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Can Magnets Attract The Nails In The Water?
Jul 28, 2018

The magnet has a magnetic force between the N pole and the S pole, and the magnetic force cannot be blocked even if the object is spaced apart. For example, magnetic force can pass through paper or wood. However, if an object that refuses to be magnetized, like an iron type, the magnetic force cannot pass through. If the glass is used instead of an iron cup, the magnet cannot pick up the nail. If it is not iron but wood nails, of course, it cannot be sucked up.

The magnet is already an oxide and will not oxidize in water and will not change the internal structure.

A magnet is an object that attracts iron and generates a magnetic field outside it. A narrow magnet refers to a product of magnetite ore, and a generalized magnet refers to an object or device that is used to generate a magnetic field. The magnet acts as a magnetic dipole and can attract ferromagnetic substances such as metals such as iron, nickel and cobalt. [1] The determination of the magnetic pole is to hang a magnet with a thin wire, and the magnetic pole pointing to the north is called the north pole or the N pole, and the magnetic pole pointing to the south is the guide pole or the S pole. (If you think of the earth as a magnet, the earth's geomagnetic north pole is the S pole, and the geomagnetic south pole is the N pole.) The magnets are attracted to each other and the same poles are repelled. The guide is extremely attracted to the North Pole, and the guide is extremely repulsive to the guide, referring to the repelling of the North Pole and the North Pole.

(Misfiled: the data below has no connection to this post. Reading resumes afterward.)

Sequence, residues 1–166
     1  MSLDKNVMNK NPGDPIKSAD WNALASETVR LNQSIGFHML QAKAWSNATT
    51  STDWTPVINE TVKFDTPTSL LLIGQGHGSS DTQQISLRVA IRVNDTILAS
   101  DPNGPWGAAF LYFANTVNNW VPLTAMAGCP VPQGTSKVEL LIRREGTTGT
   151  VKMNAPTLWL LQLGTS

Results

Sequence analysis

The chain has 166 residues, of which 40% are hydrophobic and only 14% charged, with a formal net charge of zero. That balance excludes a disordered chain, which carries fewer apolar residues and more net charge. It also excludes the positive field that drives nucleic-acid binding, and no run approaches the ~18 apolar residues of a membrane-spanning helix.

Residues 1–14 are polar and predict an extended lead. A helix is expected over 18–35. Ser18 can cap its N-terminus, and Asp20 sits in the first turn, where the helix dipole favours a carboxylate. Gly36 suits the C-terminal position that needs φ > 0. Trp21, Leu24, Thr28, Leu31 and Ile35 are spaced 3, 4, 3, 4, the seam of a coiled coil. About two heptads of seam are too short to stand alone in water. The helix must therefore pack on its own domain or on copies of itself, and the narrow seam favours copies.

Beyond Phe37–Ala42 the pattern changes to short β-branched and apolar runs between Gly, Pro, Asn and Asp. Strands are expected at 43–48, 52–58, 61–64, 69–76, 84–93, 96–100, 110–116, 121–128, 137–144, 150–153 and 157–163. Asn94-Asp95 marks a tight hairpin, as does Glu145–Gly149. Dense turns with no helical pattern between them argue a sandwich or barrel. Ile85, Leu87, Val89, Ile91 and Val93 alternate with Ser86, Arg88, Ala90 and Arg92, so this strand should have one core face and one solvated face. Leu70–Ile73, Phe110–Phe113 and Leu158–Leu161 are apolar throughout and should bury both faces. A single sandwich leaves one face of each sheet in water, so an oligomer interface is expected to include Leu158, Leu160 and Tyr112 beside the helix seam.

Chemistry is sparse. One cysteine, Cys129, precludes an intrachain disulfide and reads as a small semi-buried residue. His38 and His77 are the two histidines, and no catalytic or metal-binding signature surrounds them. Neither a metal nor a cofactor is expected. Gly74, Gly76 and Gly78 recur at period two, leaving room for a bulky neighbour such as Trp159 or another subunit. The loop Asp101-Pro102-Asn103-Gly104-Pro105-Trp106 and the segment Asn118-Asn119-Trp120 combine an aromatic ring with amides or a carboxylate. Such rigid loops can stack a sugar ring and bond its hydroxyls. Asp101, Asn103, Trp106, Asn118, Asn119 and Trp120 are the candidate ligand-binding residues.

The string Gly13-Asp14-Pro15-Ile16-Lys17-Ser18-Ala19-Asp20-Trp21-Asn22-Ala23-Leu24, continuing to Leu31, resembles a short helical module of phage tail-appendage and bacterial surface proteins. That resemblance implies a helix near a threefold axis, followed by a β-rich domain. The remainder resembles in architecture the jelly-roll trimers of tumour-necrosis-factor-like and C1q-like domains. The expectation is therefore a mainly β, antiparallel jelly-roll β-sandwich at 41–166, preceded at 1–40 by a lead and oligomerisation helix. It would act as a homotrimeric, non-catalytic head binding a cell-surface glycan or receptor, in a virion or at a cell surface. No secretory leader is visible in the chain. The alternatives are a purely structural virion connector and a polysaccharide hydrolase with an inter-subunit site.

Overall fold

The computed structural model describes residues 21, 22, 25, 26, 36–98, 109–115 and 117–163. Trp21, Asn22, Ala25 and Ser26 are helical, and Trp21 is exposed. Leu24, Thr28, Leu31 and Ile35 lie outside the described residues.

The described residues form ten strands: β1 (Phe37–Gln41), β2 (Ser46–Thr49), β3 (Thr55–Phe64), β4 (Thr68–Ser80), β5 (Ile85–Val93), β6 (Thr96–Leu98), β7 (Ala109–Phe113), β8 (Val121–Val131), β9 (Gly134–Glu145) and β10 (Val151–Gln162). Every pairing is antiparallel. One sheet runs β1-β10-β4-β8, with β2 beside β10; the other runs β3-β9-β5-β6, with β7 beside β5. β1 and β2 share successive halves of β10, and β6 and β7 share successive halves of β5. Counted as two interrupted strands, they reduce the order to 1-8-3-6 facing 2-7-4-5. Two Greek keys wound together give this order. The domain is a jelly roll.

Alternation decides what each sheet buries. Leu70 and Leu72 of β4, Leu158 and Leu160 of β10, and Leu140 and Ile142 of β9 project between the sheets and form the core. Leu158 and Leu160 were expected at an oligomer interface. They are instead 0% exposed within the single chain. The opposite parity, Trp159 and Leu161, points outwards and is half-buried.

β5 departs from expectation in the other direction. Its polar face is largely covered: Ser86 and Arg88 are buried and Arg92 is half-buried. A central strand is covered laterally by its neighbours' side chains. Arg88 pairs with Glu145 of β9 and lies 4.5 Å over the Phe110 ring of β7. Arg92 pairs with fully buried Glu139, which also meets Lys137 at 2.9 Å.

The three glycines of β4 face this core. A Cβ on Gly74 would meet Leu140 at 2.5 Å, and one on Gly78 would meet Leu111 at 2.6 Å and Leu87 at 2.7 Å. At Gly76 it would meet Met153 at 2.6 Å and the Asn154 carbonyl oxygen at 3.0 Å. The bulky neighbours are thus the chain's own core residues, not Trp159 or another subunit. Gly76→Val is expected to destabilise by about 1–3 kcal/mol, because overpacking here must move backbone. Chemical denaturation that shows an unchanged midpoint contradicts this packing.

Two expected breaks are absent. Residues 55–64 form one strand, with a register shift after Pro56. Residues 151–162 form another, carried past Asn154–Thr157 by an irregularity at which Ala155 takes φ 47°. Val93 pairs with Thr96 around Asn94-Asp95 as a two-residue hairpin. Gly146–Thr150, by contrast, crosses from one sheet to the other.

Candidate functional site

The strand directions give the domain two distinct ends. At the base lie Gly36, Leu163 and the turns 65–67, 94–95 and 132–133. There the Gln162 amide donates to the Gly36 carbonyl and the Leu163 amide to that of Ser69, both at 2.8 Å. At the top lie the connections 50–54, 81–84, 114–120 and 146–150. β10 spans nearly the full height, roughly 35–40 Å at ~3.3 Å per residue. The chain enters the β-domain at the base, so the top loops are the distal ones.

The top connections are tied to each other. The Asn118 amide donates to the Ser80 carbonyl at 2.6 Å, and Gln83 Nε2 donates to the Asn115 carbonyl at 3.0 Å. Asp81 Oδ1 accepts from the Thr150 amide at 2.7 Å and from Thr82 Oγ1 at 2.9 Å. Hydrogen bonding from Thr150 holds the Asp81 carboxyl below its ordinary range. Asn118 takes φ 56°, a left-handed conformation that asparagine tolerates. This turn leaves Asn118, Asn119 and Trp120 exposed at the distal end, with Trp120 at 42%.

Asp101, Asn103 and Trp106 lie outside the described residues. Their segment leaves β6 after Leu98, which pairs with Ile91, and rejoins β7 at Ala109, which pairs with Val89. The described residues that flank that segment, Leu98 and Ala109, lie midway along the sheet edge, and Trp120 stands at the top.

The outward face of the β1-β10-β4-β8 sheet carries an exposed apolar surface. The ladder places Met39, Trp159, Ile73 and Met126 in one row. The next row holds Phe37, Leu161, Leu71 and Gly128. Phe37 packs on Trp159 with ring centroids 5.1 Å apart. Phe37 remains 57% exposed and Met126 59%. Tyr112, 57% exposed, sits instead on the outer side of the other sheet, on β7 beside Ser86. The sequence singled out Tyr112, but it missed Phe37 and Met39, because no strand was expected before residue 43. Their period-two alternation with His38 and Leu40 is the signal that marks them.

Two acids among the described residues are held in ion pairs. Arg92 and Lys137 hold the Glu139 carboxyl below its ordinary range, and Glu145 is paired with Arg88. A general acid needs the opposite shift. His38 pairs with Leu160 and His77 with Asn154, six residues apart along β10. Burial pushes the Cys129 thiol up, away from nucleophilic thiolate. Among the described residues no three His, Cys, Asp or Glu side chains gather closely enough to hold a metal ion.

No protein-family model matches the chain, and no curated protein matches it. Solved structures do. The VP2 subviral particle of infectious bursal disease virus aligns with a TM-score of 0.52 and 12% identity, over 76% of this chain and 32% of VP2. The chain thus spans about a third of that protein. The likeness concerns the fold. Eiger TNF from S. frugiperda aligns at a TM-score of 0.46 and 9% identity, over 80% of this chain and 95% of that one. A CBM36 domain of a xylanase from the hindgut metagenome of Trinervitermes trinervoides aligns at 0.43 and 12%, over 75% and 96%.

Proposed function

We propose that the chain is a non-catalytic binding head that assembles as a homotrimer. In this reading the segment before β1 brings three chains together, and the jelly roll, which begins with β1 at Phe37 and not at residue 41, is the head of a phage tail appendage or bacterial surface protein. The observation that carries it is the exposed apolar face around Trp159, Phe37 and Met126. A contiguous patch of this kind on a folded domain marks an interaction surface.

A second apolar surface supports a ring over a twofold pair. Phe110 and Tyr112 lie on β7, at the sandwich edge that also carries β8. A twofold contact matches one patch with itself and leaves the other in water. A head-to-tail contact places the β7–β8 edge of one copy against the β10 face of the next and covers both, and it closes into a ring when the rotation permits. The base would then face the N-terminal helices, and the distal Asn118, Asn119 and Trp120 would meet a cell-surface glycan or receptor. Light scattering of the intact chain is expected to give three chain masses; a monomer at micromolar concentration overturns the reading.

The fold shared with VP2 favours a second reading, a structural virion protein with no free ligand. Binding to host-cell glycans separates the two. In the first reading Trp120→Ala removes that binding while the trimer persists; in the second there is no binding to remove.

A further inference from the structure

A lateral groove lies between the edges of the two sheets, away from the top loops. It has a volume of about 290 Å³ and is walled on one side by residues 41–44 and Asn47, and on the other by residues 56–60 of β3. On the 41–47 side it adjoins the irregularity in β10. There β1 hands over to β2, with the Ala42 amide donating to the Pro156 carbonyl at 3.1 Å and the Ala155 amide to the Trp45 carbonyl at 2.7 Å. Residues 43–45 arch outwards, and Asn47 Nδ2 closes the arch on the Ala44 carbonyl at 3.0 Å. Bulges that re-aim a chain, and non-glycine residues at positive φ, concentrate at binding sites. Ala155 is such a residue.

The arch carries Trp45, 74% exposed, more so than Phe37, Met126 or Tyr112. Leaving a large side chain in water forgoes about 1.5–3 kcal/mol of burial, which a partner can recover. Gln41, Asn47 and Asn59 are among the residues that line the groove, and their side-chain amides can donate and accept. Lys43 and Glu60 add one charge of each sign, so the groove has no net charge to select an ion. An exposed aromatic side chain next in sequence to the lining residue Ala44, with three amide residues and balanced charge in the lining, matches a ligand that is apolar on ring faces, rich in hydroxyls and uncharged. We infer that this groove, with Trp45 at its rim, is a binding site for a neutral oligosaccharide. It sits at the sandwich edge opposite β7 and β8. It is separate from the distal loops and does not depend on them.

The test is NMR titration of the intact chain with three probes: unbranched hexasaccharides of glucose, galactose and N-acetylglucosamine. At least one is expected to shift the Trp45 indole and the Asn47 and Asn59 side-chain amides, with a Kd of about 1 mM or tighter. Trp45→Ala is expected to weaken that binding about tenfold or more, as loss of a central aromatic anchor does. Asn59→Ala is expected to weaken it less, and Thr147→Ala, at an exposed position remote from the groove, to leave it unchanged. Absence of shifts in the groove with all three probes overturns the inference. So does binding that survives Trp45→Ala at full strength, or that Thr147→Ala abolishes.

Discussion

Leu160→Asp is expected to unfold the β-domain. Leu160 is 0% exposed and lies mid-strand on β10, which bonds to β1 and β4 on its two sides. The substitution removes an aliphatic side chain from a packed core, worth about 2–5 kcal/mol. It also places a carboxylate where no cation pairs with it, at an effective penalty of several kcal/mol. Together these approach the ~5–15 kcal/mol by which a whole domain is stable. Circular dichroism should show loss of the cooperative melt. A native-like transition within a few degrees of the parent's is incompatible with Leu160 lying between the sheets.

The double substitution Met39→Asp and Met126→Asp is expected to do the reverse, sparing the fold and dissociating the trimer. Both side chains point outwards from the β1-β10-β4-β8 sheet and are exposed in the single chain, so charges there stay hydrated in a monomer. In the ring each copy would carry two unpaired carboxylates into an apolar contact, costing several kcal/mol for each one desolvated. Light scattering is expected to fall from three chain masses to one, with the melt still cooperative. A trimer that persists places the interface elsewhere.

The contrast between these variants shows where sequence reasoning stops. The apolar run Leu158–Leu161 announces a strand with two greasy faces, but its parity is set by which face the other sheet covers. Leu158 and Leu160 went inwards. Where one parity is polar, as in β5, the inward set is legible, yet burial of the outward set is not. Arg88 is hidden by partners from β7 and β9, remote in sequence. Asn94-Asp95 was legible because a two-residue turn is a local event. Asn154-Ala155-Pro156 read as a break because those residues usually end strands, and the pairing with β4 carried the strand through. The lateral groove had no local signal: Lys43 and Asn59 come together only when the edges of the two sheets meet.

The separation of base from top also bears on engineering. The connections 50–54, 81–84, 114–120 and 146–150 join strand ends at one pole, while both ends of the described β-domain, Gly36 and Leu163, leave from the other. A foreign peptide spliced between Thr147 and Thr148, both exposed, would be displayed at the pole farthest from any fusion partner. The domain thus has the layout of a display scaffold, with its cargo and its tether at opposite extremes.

The magnet  is made by pressing the ferroferric oxide powder with a filler and a binder. Some magnets are very magnetic, contain more Fe3O4, and some have weaker magnetic properties and less Fe3O4. Substances are mostly composed of molecules, molecules are made up of atoms, and atoms are composed of nuclei and electrons. Inside the atom, the electrons keep spinning and rotate around the nucleus. Both of these movements of electrons produce magnetism. However, in most substances, the direction of electron movement is different and disordered, and the magnetic effects cancel each other out. Therefore, most substances do not exhibit magnetism under normal conditions.

Ferromagnetic substances such as iron, cobalt, nickel or ferrite are different. The internal electron spins can be spontaneously arranged in a small range to form a spontaneous magnetization zone. This spontaneous magnetization zone is called a magnetic domain. After the ferromagnetic substance is magnetized, the internal magnetic domains are neatly arranged and aligned in the same direction, and the magnetic properties are strengthened to form a magnet. The magnet attracting process is the magnetization process of the iron block. The magnetized iron block and the magnet are attracted to each other in different polarities, and the iron block is firmly "sticked" to the magnet. We said that the magnet is magnetic.